When We’d Rather Make Them Pay

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by Linda Rex

Often we read the sermons of Jesus in which he advocates doing good to our enemies rather than giving them what they deserve (Matt. 5:39). Our natural response may be to say how ridiculous it is to even think of trying to do this in real life. What we experience in the normal course of events is most often the exact opposite.

A story I came across the other day in the Old Testament popped out at me, because it actually illustrated this specific principle at work. Of course, it was many millenia ago, and involved two kings who were at war with one another, and a prophet who was diligently doing the will of God.

The story goes like this. The nation of Aram was at war with the nation of Israel. Every time the king of Aram went to attack the nation of Israel, the prophet Elisha would warn the king of Israel about the ambush. This kept the Israelites safe from attack.

After a while, the king of Aram got ticked off, and began searching for a traitor among his officers. Apparently their military intelligence was working properly this time, because one of the officers told him about the prophet Elisha and what he was doing to inform the king of Israel about their plans of attack.

So early the next morning, Elisha’s servant woke up to find his beloved city of Dothan surrounded by the Aramean army with its soldiers, horses and chariots. Needless to say, he was terrified, and anxiously asked Elisha what they should do.

Elisha first asked God to give his servant an assurance of his presence in the midst of this terrifying situation. So God enabled Elisha’s servant to see that God’s army with its horses and chariots covered the hills around the city. They were perfectly safe in the midst of this danger.

Then Elisha asked God to cause the soldiers of Aram to be blinded so they couldn’t see where they were or where they would be going. Then he proceeded to tell the commander that he would lead them to the city and person they were looking for. And off they went to Israel’s capital city of Samaria.

There in the middle of Samaria with the Israelite army surrounding them, Elisha asked God to give the Arameans back their sight. Now they saw that they were totally at the mercy of the Israelites, their enemies! At that point the king of Israel asked if he should kill them.

How simple it would have been to kill all of those enemy soldiers! They had no hope of escaping, and they were guilty of harassing the Israelites with their constant attacks. It certainly would have been just, if looked at from that point of view.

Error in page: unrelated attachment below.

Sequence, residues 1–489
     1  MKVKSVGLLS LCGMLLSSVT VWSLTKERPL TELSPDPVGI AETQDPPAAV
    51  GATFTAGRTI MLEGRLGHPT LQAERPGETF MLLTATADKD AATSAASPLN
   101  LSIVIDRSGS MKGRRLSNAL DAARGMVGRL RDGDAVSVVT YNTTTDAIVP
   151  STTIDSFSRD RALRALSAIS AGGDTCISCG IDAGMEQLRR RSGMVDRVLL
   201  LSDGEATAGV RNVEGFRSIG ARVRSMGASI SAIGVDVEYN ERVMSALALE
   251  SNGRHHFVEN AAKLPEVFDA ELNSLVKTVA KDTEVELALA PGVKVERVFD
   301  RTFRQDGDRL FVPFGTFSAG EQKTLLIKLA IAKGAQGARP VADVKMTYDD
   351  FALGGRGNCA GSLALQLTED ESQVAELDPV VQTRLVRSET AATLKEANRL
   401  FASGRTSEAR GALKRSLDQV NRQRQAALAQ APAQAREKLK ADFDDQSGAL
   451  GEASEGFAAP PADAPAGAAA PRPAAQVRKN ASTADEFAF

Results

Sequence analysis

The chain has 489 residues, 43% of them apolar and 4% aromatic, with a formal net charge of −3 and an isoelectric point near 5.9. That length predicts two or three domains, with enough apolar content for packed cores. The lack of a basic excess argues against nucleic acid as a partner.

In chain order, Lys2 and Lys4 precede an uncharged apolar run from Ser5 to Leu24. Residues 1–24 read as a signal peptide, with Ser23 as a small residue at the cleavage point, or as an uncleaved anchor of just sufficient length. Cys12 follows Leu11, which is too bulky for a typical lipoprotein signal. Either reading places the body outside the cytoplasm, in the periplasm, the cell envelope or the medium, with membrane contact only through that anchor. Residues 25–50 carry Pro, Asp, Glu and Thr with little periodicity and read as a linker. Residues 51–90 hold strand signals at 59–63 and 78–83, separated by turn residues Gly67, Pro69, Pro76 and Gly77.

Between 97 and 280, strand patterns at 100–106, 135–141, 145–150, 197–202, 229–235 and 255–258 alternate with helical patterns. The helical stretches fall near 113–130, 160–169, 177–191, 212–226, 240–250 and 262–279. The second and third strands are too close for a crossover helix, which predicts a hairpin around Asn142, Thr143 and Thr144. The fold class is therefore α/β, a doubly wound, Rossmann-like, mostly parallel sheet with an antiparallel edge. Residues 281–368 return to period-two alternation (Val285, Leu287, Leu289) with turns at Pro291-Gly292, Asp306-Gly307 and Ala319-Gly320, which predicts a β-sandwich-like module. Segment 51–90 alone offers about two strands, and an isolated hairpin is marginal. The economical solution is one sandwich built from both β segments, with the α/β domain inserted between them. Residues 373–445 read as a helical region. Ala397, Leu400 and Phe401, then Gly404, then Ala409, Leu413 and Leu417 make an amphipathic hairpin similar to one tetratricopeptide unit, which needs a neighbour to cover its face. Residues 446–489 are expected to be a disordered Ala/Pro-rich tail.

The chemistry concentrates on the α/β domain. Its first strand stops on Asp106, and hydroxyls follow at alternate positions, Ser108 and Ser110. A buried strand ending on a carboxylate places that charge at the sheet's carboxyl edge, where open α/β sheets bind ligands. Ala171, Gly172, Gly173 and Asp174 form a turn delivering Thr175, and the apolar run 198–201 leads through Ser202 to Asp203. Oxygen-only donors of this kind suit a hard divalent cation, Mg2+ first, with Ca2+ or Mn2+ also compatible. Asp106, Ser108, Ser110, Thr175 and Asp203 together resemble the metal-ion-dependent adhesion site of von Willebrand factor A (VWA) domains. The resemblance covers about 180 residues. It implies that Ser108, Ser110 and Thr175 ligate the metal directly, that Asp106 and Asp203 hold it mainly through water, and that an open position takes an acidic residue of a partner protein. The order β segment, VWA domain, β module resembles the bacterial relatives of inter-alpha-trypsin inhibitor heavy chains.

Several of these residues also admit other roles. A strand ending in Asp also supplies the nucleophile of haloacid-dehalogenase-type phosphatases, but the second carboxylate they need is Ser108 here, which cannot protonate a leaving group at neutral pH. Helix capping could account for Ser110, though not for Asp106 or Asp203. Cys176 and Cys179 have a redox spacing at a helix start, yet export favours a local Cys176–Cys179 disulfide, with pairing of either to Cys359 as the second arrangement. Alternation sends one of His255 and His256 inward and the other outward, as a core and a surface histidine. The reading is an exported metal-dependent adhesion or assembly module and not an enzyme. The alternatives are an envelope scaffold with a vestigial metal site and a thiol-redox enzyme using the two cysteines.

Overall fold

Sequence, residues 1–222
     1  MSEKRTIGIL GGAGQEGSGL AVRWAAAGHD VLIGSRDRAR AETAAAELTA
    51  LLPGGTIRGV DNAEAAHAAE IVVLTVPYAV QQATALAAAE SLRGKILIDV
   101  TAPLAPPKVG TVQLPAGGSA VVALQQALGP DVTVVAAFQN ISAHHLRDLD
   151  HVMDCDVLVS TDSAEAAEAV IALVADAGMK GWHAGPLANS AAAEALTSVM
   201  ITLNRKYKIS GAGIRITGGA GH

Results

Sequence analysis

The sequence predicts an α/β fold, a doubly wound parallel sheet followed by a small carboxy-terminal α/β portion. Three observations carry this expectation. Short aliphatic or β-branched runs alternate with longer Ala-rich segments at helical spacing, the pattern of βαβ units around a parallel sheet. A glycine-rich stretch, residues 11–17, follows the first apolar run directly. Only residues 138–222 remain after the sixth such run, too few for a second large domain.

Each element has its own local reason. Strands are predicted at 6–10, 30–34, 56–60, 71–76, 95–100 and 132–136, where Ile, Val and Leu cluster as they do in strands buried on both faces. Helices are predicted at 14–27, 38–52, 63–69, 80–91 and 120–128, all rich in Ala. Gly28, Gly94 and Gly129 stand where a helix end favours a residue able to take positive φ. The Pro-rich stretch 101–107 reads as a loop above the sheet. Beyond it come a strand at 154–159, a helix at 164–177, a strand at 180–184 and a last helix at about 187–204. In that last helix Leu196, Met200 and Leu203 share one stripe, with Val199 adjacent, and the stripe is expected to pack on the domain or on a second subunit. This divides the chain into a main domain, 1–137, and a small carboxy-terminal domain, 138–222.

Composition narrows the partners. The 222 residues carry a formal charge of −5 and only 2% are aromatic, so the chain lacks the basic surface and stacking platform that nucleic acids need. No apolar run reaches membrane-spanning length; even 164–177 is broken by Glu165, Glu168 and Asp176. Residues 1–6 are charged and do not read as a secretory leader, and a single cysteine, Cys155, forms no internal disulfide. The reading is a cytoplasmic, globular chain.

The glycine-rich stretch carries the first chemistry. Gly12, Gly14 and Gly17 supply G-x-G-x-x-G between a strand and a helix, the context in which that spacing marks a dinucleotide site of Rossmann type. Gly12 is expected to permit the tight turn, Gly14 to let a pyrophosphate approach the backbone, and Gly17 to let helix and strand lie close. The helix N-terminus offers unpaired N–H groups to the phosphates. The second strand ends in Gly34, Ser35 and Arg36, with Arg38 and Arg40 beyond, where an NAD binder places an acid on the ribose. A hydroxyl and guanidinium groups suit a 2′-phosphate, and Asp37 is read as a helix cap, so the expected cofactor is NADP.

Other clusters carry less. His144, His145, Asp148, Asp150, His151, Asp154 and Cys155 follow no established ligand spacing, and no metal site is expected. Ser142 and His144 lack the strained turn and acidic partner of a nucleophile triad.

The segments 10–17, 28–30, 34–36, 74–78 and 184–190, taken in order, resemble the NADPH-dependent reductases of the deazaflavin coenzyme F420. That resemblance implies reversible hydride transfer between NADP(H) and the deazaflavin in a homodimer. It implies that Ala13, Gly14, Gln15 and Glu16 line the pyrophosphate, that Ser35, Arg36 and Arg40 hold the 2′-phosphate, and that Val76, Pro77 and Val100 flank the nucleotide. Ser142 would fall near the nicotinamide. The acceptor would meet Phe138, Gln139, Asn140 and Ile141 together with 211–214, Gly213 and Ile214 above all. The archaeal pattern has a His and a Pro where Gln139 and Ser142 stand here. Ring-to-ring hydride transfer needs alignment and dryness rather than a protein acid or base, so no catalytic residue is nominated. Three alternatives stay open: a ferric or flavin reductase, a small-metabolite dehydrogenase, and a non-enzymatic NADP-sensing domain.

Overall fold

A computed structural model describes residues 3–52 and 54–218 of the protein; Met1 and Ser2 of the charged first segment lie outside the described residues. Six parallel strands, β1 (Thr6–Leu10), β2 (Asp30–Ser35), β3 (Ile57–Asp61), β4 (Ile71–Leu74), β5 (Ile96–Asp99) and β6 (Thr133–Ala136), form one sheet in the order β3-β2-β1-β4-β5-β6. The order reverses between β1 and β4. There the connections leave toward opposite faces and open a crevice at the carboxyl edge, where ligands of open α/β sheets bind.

But Elisha pulled out the “do good to your enemies” principle and told the king of Israel he should give them food and water and send them back to their master. So the king held a great feast, made sure they were all well supplied and then sent them home.

What’s interesting is the small statement at the end of this story—the soldiers from Aram quit raiding the Israelite territory. Now if the king of Israel had gone ahead and killed all those soldiers from Aram, it would have probably been the “just” thing to do, but it would have only escalated the tension between the two countries. It would have initiated real war. But in doing good to their enemies, the Israelites, guided by God through Elisha the prophet, invoked the power of grace and service. And hearts were changed, at least, for the time being. So how is it possible to really do this in real life?

First, we see that Elisha was living in a relationship with God in which he was in tune with God’s heart and mind, and he was trusting in God’s love, grace and protection. He was living in obedience to God, doing as God asked, even when it was difficult or dangerous.

Secondly, we need to see beyond the physical into the realm of God’s kingdom life. There is a spiritual reality that exists beyond our humanity. We participate in the spiritual realm through Jesus Christ and in the Holy Spirit. God is with us, in us and for us. We have no reason to be afraid.

Thirdly, we need to follow God’s lead, and allow him to take us wherever he wishes us to go. He will give us the ability to see what’s really going on when the time is right. He will help us to know what to do to best resolve the situation without revenge or violence.

Lastly, we need to choose grace and service rather than revenge or cold justice. Looking at the situation through the eyes of Christ, we can ask, what would be the most gracious, hospitable thing to do? How can I offer this person God’s love in the midst of this?

The reality is that even our efforts to do good in response to evil may end in suffering, loss and abuse. Christ called us to be wise as serpents and harmless as doves. There is a need for caution, wisdom, and seeking counsel and help from others in the midst of dangerous or potentially harmful circumstances. But at the same time we can apply God’s principle of grace and service in the midst of it all, and experience God’s blessings as a result.

Father, thank you that you are faithful in the midst of difficult and dangerous circumstances. Grant us the heart, wisdom and strength to do good to others, no matter their response to us. Grant us courage, faith, and obedience so we will follow you wherever you lead. Show us how best to love others with Christ’s love through the Spirit in the midst of adversity. In Jesus’ name, by your precious Spirit. Amen.

“But if your enemy is hungry, feed him, and if he is thirsty, give him a drink; for in so doing you will heap burning coals on his head. Do not be overcome by evil, but overcome evil with good.” Romans 12:20–21 NASB

(You can find the story in 2 Kings 6:8-23.)

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